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Microfibers and the Environment: The Hidden Cost of Your Clothes

June 12, 2024

Have you ever heard of microfiber pollution? It's a growing concern affecting our planet in ways we might not be aware of. Microfibers are tiny pieces of plastic that are smaller than 5mm in size. These fibers come from various sources, including synthetic clothing like polyester, nylon, and acrylic. As these materials are washed, they release tiny fibers into our waterways that can cause harm to the environment and its inhabitants.

Photo by Bianca Jordan on Unsplash
Photos by averie woodard on Unsplash

What is Microfiber Pollution?

Microfiber pollution is an environmental problem that has been gaining attention recently. Microfibers are tiny plastic fibers released into the environment when synthetic clothing items such as polyester and nylon are washed. These tiny particles can be found in water sources, soil, and even the air we breathe, posing a severe threat to our planet's health.

The primary source of microfiber pollution is the production and washing of synthetic fabrics such as polyester, nylon, and acrylic. These fabrics are often used to produce denim jeans and other clothing items. When these items are washed, the tiny fibers break off and enter the water supply, where they can be ingested by wildlife or end up on shorelines. These microfibers have been found to contain potentially harmful chemicals which can have adverse effects on marine life.

How Jeans Contribute to Microfiber Pollution

Jeans are a staple in most wardrobes, but did you know they significantly contribute to microfiber pollution? Jeans are typically made from cotton, but they also contain synthetic fibers like spandex and polyester that are used to add stretch and durability. When these items are washed, the tiny fibers break off and enter the water supply, where they can be ingested by wildlife or end up on shorelines.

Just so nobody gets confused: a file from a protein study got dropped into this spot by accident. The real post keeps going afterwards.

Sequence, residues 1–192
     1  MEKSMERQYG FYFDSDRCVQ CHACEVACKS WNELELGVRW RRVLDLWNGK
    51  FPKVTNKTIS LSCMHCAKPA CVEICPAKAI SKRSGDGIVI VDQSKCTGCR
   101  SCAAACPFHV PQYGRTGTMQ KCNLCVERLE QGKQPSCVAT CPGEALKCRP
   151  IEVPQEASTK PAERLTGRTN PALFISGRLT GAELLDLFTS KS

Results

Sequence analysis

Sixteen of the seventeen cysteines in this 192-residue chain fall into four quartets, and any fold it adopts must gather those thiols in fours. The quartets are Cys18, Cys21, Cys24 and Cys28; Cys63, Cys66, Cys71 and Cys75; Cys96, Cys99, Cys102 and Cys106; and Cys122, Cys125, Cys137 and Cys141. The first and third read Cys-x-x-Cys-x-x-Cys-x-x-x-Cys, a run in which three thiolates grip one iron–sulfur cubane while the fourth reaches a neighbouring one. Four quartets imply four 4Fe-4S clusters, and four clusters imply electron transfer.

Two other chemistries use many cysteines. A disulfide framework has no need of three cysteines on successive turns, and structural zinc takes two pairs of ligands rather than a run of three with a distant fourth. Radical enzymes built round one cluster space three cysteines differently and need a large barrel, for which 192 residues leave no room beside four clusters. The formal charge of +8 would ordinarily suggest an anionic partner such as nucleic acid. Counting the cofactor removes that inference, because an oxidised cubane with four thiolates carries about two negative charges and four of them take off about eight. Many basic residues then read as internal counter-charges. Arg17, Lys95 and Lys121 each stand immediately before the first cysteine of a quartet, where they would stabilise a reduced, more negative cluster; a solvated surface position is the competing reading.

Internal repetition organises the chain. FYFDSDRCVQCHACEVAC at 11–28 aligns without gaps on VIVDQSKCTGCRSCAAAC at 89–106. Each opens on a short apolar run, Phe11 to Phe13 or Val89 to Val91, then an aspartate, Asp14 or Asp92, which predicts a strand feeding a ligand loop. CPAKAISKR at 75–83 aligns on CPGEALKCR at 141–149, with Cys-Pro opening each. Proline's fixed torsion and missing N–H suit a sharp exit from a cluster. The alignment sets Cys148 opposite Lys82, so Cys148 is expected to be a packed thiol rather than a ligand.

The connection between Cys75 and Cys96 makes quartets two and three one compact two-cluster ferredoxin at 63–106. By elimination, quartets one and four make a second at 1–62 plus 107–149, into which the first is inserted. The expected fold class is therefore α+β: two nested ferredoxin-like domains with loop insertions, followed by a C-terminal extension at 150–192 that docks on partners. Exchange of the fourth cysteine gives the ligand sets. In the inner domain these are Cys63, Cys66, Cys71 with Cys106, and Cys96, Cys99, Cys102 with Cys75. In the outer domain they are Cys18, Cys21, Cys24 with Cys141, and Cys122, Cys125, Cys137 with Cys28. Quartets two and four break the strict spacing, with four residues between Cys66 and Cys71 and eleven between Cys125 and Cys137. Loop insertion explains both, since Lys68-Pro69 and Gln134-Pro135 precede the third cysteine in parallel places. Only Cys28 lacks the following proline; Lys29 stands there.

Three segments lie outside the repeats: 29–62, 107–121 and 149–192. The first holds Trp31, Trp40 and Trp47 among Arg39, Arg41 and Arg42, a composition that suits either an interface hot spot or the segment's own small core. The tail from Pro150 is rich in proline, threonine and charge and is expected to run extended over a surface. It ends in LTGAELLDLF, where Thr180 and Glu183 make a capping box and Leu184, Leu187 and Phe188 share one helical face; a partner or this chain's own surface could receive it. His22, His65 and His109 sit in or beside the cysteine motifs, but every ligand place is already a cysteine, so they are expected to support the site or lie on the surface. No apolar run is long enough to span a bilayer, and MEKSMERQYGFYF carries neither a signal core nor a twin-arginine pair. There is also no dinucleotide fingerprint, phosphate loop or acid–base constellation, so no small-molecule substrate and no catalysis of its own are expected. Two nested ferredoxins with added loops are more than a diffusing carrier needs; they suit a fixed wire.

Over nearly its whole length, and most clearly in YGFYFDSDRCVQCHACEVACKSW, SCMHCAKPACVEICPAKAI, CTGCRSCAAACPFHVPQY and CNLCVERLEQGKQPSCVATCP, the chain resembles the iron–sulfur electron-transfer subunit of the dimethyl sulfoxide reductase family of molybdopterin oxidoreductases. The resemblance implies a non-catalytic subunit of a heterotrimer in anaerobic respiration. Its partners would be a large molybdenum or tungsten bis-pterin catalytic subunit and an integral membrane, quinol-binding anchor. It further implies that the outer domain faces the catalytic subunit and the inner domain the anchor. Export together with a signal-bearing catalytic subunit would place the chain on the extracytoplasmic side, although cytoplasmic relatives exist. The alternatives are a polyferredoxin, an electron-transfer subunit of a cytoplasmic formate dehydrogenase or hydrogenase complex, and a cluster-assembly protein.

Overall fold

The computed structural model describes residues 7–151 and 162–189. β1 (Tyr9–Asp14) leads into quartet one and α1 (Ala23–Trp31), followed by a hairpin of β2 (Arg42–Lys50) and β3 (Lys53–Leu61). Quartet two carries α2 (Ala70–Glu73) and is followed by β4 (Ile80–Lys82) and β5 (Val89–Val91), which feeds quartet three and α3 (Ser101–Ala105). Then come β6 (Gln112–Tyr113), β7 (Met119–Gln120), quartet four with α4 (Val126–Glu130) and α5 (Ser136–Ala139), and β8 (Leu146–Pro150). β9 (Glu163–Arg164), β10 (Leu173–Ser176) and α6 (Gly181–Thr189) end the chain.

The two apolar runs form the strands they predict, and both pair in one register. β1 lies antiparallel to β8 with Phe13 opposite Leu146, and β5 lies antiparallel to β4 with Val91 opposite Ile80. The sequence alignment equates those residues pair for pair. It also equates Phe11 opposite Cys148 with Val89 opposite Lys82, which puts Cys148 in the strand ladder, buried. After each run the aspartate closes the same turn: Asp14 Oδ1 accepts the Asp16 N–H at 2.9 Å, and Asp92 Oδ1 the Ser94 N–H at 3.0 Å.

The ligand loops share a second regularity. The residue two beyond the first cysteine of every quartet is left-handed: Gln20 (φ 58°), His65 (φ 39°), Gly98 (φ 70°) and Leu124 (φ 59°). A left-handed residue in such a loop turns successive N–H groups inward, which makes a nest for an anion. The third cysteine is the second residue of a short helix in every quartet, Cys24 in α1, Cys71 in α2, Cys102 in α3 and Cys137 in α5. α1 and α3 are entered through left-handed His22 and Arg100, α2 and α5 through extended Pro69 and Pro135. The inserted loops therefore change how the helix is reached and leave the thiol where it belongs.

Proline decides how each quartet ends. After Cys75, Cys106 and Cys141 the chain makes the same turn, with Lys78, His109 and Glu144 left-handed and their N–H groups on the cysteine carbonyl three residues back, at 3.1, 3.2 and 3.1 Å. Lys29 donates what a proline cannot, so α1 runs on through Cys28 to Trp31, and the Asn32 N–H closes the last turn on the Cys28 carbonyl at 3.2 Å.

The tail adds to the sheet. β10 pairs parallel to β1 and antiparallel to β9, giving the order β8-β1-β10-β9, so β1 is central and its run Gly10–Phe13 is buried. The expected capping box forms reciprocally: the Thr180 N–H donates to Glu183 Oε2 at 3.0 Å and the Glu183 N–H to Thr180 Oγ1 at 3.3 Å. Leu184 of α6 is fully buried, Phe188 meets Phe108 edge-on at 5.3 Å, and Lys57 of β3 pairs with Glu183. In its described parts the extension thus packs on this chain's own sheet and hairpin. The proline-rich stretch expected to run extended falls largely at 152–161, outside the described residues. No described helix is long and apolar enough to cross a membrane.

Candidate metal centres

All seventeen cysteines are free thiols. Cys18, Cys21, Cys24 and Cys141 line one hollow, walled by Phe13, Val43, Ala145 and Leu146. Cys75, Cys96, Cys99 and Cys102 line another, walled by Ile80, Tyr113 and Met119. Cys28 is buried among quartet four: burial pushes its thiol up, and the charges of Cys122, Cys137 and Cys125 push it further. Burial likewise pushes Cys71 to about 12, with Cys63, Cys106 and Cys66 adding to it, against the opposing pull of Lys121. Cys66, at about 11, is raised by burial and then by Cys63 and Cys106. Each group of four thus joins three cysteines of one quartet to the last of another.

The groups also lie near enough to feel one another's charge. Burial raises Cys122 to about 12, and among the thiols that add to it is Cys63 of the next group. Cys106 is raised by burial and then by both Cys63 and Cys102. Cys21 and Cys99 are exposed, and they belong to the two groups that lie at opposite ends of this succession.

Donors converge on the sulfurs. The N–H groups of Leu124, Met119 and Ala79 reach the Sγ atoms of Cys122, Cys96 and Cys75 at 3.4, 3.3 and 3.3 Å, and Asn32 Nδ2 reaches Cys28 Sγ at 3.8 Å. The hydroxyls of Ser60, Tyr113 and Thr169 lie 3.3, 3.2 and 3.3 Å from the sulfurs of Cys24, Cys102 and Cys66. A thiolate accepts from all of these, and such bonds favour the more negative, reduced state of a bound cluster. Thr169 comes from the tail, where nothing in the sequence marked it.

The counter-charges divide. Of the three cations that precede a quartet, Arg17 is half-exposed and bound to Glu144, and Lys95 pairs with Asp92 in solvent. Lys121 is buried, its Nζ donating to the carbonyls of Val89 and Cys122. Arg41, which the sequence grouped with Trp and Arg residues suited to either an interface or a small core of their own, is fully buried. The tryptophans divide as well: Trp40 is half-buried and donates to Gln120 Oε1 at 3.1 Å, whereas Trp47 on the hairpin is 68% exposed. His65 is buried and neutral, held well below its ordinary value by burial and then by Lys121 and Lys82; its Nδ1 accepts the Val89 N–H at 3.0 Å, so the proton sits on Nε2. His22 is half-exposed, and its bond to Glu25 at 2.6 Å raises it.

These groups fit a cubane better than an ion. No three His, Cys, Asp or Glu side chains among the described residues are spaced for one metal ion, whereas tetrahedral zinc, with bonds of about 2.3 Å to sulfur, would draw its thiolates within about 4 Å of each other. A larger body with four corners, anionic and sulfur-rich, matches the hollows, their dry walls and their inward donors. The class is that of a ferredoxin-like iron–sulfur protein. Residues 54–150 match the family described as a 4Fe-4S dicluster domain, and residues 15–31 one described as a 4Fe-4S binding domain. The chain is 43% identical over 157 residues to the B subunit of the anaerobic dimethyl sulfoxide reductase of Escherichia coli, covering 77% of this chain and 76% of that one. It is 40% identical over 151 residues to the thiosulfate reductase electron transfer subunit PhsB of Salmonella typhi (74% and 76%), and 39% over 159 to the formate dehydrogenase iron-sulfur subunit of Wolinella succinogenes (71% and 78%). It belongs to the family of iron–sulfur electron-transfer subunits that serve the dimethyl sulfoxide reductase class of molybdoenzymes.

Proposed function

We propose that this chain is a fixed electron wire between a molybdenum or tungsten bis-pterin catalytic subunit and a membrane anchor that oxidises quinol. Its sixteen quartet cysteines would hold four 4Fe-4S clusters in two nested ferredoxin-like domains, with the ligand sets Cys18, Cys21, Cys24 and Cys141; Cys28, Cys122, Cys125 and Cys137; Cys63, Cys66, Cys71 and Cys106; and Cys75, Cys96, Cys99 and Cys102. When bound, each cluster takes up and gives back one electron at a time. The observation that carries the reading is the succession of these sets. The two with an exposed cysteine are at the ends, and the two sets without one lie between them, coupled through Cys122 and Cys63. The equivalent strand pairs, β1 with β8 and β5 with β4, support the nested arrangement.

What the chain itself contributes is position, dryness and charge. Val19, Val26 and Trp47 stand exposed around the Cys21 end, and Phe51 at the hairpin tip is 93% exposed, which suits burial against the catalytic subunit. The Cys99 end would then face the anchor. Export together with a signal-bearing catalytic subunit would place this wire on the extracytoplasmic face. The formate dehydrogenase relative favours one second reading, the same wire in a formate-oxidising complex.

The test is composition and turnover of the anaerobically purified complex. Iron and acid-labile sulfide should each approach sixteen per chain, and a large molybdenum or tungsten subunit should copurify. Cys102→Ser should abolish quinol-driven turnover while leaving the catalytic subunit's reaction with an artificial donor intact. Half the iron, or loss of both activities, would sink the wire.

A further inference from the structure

In fact, a recent study in the journal Environmental Science & Technology Letters found that denim is one of the top contributors to microfiber pollution in the fashion industry. The study found that a single pair of jeans can release up to 56,000 microfibers in just one wash cycle. Considering how often we wash our jeans, a staggering amount of plastic pollution is being released into our waterways.

The same study found that the wastewater sediments contained a high concentration of microfibers, with denim microfibers being the most prevalent type. Researchers sampled sediments from the Canadian Arctic Archipelago, the American Great Lakes, and shallow suburban lakes in southern Ontario to measure the microfiber concentration. Up to 23% of all particles sampled contained denim microfibers. When analyzing wastewater from a treatment plant in Ontario, 13% of the microfibers found had indigo dye, a characteristic of denim.

Understanding Denim Manufacturing's Environmental Footprint

To truly understand the impact of denim production on the environment, looking at the entire process from start to finish is essential. A lifecycle assessment helps us understand the jeans' implications from material sourcing, manufacturing, washing, and post-consumer waste. The production of denim starts with the growth of cotton, a highly water-intensive crop often grown in regions where water is scarce. Growing enough cotton to produce a single pair of jeans can take over 2,000 gallons of water.

Once the cotton is harvested, it is processed and spun into yarn, then woven into denim fabric. This process can involve many chemicals, including dyes, which contain toxic substances like heavy metals and chlorine. When these chemicals are released into the water supply, they can significantly impact the environment.